Just last week Sarawak Report warned that the arrests of senior people in Kuwait related to our exposes on 1MDB money laundering threatened to open an ugly can of worms that pushed to the surface in August of last year after a former Kuwaiti Defence Minister filed a $160 million court case in California.
Yesterday, the can finally spilt open when prosecutors in California issued a civil asset seizure containing a series of allegations into senior Kuwaiti royal figures whom US investigators now accuse of misappropriating huge sums of public money.
Ex-Defence Minister, Sheikh Khaled Al-Jarrah Al-Sabah (subsequently Minister of the Interior) had claimed last August that he had been swindled over a fraudulent property sale of possibly the world’s premier chunk of real estate, namely The Mountain, a vast residential site twice the size of Disney Land that towers over Hollywood’s prestigious Beverley Hills.
But how did he get the money in the first place? That was what everyone started immediately asking in Kuwait.
As Sarawak Report has detailed Sheikh Khalid’s replacement at the Ministry of Defence, the son of the Amir, Sheikh Nasser Sabah al-Ahmad al-Sabah, undertook an investigation into funds missing from the ministry and detected that since 2009 large sums had been detoured into a group of so-called Military Aid Fund accounts based in branches of Kuwaiti banks in London.
This money had then found its way into private accounts, according to Sheikh Nasser, who reported that he believed this was the source of the money with which the former Defence Minister had sought to buy possibly the world’s most expensive property.
Sheikh Khaled is also a known close political associate of former prime minister, Sheikh Jaber al-Mubarak al al-Sabah, whom he had in fact succeeded as defence minister in 2013. It is Sheikh Jaber’s son, Sabah Jaber Al-Mubarak Al-Sabah (Sheikh Sabah), together with his lawyer Saud Abdulmohsen and a college friend of the Malaysian fugitive financier Jho Low, who have spent several days in custody answering questions about the apparent separate laundering of billions of dollars that were sent in kickbacks from China linked to 1MDB.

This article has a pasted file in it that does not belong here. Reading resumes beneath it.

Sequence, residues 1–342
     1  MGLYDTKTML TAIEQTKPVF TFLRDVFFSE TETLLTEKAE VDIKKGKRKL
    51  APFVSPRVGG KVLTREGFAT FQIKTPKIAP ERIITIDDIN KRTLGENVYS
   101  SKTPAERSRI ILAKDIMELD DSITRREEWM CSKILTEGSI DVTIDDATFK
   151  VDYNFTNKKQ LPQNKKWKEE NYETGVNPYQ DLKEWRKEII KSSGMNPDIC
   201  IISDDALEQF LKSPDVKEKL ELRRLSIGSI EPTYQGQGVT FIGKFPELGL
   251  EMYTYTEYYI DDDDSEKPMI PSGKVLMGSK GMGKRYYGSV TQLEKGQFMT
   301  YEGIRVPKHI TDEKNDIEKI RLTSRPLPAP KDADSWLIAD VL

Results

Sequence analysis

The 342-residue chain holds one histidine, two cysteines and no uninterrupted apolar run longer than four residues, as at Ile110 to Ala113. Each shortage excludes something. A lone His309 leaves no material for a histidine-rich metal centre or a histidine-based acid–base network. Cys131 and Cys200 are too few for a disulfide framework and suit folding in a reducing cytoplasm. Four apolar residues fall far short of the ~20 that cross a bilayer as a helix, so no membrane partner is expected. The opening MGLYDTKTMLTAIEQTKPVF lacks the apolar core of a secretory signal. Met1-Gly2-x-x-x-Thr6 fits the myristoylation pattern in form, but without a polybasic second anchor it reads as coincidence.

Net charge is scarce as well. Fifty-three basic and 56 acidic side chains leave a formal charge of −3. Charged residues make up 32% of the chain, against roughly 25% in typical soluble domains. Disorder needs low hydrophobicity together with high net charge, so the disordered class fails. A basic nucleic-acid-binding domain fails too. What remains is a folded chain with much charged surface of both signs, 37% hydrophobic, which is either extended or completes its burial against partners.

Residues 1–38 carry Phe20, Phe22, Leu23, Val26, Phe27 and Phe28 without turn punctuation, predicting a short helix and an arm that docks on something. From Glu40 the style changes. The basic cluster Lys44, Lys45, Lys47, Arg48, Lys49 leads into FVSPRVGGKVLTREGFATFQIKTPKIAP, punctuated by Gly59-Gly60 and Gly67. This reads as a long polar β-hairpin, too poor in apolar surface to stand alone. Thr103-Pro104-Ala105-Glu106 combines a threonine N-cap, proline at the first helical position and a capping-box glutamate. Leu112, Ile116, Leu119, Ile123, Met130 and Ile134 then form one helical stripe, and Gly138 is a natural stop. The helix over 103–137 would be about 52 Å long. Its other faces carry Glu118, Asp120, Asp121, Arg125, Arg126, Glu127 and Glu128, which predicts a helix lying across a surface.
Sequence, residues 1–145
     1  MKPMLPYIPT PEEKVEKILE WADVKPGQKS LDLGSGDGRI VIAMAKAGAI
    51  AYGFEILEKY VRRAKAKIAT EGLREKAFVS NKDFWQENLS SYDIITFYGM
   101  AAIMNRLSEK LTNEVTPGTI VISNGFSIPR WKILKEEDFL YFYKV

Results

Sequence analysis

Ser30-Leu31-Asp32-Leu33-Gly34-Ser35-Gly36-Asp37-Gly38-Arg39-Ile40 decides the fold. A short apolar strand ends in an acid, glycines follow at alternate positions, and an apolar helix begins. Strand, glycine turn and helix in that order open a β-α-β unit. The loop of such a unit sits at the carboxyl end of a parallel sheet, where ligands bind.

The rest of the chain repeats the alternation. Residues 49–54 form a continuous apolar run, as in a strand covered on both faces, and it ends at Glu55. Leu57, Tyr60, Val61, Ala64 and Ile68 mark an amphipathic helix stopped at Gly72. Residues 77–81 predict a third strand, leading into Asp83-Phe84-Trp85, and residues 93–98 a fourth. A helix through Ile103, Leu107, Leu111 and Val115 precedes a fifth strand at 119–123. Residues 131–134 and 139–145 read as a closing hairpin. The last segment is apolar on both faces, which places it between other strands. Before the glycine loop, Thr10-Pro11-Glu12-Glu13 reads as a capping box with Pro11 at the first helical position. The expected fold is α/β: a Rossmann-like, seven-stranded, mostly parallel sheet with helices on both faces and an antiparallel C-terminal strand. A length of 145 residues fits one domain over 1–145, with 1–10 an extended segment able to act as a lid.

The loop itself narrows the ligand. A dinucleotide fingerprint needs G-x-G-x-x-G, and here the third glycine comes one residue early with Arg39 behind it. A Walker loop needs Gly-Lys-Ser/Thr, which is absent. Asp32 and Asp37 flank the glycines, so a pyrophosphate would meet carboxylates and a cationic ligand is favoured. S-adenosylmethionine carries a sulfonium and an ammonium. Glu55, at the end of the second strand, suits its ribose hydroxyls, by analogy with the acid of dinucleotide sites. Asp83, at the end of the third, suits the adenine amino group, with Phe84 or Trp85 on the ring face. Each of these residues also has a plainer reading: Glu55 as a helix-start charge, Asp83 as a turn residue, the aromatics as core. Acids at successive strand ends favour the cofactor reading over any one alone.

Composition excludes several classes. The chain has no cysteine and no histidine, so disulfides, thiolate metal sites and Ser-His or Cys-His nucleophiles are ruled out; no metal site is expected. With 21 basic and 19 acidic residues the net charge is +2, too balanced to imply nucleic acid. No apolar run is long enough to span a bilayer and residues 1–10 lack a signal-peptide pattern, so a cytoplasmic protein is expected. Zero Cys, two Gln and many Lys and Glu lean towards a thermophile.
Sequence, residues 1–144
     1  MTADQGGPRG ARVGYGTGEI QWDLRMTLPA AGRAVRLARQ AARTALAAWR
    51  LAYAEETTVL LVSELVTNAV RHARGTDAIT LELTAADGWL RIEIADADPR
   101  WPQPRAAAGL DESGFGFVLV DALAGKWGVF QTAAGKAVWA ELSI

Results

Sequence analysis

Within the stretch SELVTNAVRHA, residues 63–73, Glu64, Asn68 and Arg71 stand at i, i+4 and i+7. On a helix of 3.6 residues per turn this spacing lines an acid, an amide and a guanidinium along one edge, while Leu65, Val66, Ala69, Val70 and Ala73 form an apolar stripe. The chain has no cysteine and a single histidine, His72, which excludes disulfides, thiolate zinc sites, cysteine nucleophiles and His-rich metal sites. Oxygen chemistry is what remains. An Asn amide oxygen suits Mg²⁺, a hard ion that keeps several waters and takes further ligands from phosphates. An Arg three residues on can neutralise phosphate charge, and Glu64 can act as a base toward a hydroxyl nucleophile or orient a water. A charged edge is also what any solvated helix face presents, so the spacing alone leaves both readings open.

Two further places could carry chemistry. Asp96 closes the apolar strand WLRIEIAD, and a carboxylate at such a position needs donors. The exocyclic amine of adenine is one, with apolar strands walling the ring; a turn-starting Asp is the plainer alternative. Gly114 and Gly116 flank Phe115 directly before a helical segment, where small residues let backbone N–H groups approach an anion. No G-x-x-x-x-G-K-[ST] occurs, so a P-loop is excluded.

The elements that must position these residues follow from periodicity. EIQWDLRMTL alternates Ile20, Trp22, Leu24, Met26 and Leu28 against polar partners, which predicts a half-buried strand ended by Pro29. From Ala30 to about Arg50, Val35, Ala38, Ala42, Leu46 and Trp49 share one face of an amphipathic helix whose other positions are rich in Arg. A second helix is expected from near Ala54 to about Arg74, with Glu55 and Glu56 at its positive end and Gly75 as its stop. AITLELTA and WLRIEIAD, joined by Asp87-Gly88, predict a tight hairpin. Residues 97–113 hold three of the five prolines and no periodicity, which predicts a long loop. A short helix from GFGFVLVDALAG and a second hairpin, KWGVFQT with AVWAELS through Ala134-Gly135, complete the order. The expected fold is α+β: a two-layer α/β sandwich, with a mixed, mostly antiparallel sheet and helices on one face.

The accusations by Sheikh Nasser brought down the Kuwaiti government last November, meaning both he and the prime minister were replaced. It was following this that Sarawak Report raised the separate concerns about Malaysian money laundering on the part of the former prime minister’s son.
Those suspects have now been released on bail, pending further enquiries on a case that has taken on similar proportions in Kuwait to 1MDB in Malaysia, as anti-corruption campaigners associated with Sheikh Nasser and now the Kuwait authorities have battled to get answers from those who deny all the allegations.
Defenders of Najib Razak and the PN government have, as usual, spent the past few days denigrating Sarawak Report’s latest evidence amidst chants of ‘fake news’.
However, as in the case of Najib Razak’s own extensive denials over 1MDB, the US prosecutors have now sunk their arguments with apparently devastating evidence provided by the IRS Criminal Division (the US tax authorities) of the money trails in their case against “Official #1″ filed in the Los Angeles Superior Court.
Over $100 million was illegally transferred by the former Kuwaiti Minister of Defense, was used to purchase the assets he was then defrauded over, say the US investigators, and the money had indeed originated from thefts from the suspect Military Aid Fund accounts in London!
In a familiar if ironic twist on the related 1MDB saga, “Official #1″ had complained in his original complaint against the alleged fraudster Victorino Noval that instead of transferring him the property he had taken the money and:
“…. purchased, either directly or indirectly, multiple parcels of real property and personal property, including, but not limited to exotic automobiles, aircraft and boats. Plaintiff is further informed and believes that Victorino and Franco converted the monies to their own use by supporting their lavish and extravagant lifestyle and spent significant amounts of Plaintiff’s monies on, among other things, leasing real property for their personal use, hosting parties, exotic dancers, wine, worldwide travel, gambling, and paying personal staff, including but not limited to numerous limousine chauffeurs.”
However, this money was not the Sheikh’s to complain about it would appear, but rather it belonged to the people of Kuwait whose interests he had been entrusted to protect.
To be updated…